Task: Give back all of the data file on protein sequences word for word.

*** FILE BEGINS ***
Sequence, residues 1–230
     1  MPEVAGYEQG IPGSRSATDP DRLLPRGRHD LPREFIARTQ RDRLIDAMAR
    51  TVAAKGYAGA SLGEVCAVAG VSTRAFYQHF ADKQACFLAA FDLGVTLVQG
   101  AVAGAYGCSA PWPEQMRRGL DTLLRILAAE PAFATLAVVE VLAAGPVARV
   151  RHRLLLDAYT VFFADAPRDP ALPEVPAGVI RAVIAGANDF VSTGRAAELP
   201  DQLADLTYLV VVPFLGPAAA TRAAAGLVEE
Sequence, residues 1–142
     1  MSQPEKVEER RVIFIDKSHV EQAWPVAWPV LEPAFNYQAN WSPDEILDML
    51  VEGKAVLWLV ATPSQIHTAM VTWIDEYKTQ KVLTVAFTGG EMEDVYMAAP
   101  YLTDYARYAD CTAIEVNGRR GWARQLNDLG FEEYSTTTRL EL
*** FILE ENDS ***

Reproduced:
Sequence, residues 1–230
     1  MPEVAGYEQG IPGSRSATDP DRLLPRGRHD LPREFIARTQ RDRLIDAMAR
    51  TVAAKGYAGA SLGEVCAVAG VSTRAFYQHF ADKQACFLAA FDLGVTLVQG
   101  AVAGAYGCSA PWPEQMRRGL DTLLRILAAE PAFATLAVVE VLAAGPVARV
   151  RHRLLLDAYT VFFADAPRDP ALPEVPAGVI RAVIAGANDF VSTGRAAELP
   201  DQLADLTYLV VVPFLGPAAA TRAAAGLVEE
Sequence, residues 1–142
     1  MSQPEKVEER RVIFIDKSHV EQAWPVAWPV LEPAFNYQAN WSPDEILDML
    51  VEGKAVLWLV ATPSQIHTAM VTWIDEYKTQ KVLTVAFTGG EMEDVYMAAP
   101  YLTDYARYAD CTAIEVNGRR GWARQLNDLG FEEYSTTTRL EL